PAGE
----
This week more than 200 delegates and speakers from major investors, asset owners and finance institutions assembled at the 2017 Solar Finance & Investment Europe conference to discuss the European solar market.
Here, we summarise some of the key topics and themes that were discussed at length over the three-day event, including the secondary market, Brexit, storage and what comes after UK solar’s build phase.
As much as 2.5GW could change hands by the end of the year
It will come as no surprise to those within the industry that the UK’s secondary solar market is booming at the moment. The deal flow we’re seeing from the likes of NextEnergy Capital, Bluefield and Foresight – which this morning splashed the cash on the UK’s largest solar farm – is testament to that. But at SFI Europe this week a handful of speakers were prepared to place an educated guess on the size of the secondary market, and it’s a big one. Foresight Solar’s Matt Black estimated that between 3 and 4GW of UK solar is currently being shopped around, a figure which our own Finlay Colville substantiated on Wednesday afternoon. He added his prediction that between 1.5GW and 2.5GW could be sold by the end of 2017 – mainly from Chinese module manufacturers who he said would need the finance. He did however add that there was no evidence to suggest that the majority of this would simply go to the current six largest asset holders, pointing specifically to EFG Hermes’ acquisition of the Terraform Power portfolio, meaning that we could see some new players enter the frame.
Brexit is having little impact on investment appetite
The pre-referendum fears were that international investment would back away from a Britain whose future was not tied to the European Union, however this has – at least not yet – failed to materialise as investors in attendance suggested that the environment has rarely been more attractive. Not only is there ample opportunity and a cheap cost of capital, but the Brexit vote has also nudged power prices, particularly day before trading, into the positive. Bluefield’s James Armstrong said that the vote had created price inflation in the short to medium term, meaning that investors are currently getting more bang for their buck than what might have originally been forecast. It remains to be seen what the long-term impact of Brexit will be but, at least for the meantime, investors are making hay while the sun shines.
Storage retrofits are on the agenda, but not quite yet
Storage was unquestionably and unsurprisingly one of the hottest topics of discussion throughout the week, but it was particularly interesting to hear the differing views. While those already engaged in storage were bullish about its potential, those from investment circles were a little more pessimistic about the immediate opportunity. The cost of the technology prohibits its installation on a purely load-shifting basis, and the current levels of certainty provided by EFR, FFR and Capacity Market contracts is not yet great enough to tempt investors. NextEnergy Capital’s Michael Bonte-Freidheim dismissed the notion that his company could embark on storage in the coming months, but said it was regarded as a “free hit” that could be adopted en masse as soon as it was more viable and went as far as to suggest it could be rolled out across the asset owner’s portfolio in its entirety in a relatively short amount of time. Armstrong agreed with the ‘free hit’ suggestion, hinting that Bluefield could go down a similar a route. With these players filling their boots with UK solar, their adoption of utility-scale storage could be a significant boon for the nascent sector.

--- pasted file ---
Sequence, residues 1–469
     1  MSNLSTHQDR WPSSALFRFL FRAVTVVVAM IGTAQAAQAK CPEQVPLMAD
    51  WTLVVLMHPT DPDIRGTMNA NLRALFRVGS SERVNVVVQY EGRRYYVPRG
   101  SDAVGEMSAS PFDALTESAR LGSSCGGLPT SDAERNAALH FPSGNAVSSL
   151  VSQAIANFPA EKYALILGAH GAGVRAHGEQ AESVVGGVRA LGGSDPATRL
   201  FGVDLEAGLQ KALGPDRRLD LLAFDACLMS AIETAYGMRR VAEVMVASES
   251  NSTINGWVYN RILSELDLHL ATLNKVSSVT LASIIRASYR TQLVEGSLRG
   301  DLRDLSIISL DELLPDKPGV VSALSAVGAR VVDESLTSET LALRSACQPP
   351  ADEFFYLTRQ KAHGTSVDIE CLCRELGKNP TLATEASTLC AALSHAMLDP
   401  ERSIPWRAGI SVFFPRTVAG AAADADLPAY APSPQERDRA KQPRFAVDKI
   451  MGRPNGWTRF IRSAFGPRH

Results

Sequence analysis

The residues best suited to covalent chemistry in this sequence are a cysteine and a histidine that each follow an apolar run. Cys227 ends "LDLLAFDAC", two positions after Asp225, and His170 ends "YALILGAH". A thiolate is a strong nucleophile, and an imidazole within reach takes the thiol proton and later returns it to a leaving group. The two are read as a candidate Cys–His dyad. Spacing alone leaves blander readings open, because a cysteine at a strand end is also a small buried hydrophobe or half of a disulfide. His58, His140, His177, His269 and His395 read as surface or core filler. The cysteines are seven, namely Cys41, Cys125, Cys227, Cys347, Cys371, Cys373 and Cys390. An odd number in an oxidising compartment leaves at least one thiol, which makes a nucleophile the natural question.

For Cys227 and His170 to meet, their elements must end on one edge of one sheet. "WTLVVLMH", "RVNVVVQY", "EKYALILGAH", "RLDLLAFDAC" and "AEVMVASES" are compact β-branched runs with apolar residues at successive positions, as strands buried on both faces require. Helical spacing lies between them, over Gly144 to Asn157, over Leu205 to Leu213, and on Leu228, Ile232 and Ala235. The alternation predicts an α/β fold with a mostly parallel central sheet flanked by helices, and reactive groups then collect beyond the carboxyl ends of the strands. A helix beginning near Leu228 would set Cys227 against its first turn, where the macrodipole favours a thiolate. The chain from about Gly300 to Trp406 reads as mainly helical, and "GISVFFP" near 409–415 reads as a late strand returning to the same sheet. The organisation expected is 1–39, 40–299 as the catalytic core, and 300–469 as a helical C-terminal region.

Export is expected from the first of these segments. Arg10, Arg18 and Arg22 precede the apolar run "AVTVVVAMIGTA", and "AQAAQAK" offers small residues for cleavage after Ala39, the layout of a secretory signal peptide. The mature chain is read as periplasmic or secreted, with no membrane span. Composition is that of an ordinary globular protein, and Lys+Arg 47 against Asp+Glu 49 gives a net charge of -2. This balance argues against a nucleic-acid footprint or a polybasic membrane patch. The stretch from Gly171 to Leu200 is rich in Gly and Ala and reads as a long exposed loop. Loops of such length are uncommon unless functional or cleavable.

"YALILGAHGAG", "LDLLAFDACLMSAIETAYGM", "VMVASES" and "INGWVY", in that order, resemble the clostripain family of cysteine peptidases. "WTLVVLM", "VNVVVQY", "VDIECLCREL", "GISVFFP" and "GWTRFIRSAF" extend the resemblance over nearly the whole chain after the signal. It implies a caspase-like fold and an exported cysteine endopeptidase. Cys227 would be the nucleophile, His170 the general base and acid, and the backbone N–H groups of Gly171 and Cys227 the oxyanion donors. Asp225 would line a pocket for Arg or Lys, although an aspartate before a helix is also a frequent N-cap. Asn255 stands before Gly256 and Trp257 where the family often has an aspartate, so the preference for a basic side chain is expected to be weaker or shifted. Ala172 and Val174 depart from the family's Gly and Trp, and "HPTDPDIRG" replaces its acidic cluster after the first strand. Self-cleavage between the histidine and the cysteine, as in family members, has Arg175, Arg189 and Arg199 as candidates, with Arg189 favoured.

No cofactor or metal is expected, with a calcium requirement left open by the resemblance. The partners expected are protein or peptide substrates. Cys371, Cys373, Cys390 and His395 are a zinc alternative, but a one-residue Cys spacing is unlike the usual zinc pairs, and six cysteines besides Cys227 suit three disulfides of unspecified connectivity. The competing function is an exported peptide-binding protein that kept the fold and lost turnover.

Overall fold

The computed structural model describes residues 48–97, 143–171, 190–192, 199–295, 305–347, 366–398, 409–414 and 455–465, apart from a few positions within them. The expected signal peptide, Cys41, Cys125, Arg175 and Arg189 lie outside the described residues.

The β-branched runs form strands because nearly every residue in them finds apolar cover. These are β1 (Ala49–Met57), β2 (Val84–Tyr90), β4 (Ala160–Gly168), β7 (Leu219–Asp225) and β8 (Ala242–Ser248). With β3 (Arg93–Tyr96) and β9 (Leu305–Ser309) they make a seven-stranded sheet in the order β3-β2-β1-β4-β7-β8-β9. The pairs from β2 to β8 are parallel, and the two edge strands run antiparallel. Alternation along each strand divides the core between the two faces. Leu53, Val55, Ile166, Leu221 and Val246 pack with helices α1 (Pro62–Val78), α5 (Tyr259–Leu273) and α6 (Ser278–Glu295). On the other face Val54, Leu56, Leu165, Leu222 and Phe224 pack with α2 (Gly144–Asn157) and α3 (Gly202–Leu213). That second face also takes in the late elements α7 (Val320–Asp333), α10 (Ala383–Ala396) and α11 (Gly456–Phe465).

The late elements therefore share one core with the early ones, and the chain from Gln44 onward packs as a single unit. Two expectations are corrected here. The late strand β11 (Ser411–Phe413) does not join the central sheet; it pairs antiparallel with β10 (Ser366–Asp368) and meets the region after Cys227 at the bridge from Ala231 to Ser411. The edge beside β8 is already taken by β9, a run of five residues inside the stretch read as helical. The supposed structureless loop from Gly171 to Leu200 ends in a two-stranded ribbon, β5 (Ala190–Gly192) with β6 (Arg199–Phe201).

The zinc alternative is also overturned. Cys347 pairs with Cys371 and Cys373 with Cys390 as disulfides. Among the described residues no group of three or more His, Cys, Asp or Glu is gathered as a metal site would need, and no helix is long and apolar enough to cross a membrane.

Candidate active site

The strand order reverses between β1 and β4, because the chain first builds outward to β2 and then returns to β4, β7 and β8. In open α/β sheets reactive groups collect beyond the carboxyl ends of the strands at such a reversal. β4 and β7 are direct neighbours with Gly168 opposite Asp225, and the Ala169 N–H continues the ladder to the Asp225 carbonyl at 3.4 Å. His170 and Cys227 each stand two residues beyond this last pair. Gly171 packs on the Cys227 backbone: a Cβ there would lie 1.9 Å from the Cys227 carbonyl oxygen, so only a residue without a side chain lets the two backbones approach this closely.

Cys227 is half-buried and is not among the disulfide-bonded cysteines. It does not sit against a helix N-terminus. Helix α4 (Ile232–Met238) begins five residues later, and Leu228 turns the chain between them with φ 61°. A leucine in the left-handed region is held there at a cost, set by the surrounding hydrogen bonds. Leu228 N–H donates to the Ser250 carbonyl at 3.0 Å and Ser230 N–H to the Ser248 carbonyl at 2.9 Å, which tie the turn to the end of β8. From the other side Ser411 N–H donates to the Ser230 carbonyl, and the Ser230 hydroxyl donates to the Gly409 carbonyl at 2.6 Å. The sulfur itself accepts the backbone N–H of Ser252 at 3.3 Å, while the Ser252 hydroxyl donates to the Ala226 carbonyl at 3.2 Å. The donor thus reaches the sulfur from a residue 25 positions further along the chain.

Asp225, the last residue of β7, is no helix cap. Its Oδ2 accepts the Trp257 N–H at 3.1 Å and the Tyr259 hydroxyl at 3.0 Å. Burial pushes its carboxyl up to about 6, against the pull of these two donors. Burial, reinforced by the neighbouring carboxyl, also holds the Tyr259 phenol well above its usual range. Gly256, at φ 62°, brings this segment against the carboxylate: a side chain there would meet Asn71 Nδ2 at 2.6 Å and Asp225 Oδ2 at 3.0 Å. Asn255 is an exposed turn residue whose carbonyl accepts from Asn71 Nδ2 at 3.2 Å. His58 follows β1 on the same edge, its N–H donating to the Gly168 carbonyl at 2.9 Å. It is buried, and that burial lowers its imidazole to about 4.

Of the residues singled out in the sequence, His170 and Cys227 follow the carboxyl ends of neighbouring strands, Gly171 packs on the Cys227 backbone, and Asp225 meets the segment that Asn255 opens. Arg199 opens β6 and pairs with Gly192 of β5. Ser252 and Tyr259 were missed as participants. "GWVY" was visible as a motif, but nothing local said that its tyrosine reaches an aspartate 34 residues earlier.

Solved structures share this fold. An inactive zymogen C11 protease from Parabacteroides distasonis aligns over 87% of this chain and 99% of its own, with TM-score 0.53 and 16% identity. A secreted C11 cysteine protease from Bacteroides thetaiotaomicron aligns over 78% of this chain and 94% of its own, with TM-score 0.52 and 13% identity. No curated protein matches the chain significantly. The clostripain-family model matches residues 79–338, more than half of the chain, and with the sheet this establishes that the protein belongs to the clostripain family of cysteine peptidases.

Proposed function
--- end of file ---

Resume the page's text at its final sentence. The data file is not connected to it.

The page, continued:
Where to next?
The UK’s secondary market is booming, but the primary market is beginning to quiet down with the closure of the ROC scheme. This has pushed primary investors elsewhere, and there were a number of markets on delegate lips this week. Ireland is of course of interest, but with an uncertain political climate and subsidy support unlikely to be clarified until sometime later this year, it’s across the Channel where keen eyes are gazing. Amarenco chief John Mullins, fresh from landing backing from Prudential to develop there in the next few years, said France delivered greater investment certainty than the UK market. This was backed up by those in attendance, 36% of whom declared France to be the next primary market of choice. And it wasn’t just European markets that were discussed. Thursday’s final day saw Australia, India and Africa take centre stage with a series of roundtables focusing solely on their investment potential.
It’s all about the data
As UK solar’s build phase draws to a close, attention has quickly turned towards optimisation and how to best manage the vast array of assets that have been completed. This, delegates heard on Tuesday, is no mean feat, with portfolios becoming more and more diverse. Different panels, inverters, land conditions, EPCs and monitoring software only add to the complications. What is certain however is that data – and how it is collated and analysed – is an area of considerable importance in the coming months and years. Dan Kirk of asset owner Magnetar said that the best way for dealing with complexity is computers, with a global transition towards greater data collection taking place. BayWa r.e.’s Tobias Bittkau agreed, adding that it was not the collection of data, but how it is processed and analysed which can enable factors like predictive maintenance and more responsive component replacement should the worst happen. As asset owners seek to eke more and more value from their investment, waiting a week to replace a faulty inverter or switchgear is no longer acceptable, and it’s up to the asset manager and/or O&M provider to handle that.